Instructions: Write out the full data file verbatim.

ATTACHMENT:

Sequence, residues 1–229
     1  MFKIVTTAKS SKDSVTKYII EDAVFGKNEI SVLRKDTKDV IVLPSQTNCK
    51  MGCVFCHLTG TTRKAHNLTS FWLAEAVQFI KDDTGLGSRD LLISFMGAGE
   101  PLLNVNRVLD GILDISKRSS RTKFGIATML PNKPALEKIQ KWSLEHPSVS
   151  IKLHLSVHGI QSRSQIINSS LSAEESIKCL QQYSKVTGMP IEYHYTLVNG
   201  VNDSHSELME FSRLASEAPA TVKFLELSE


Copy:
Sequence, residues 1–229
     1  MFKIVTTAKS SKDSVTKYII EDAVFGKNEI SVLRKDTKDV IVLPSQTNCK
    51  MGCVFCHLTG TTRKAHNLTS FWLAEAVQFI KDDTGLGSRD LLISFMGAGE
   101  PLLNVNRVLD GILDISKRSS RTKFGIATML PNKPALEKIQ KWSLEHPSVS
   151  IKLHLSVHGI QSRSQIINSS LSAEESIKCL QQYSKVTGMP IEYHYTLVNG
   201  VNDSHSELME FSRLASEAPA TVKFLELSE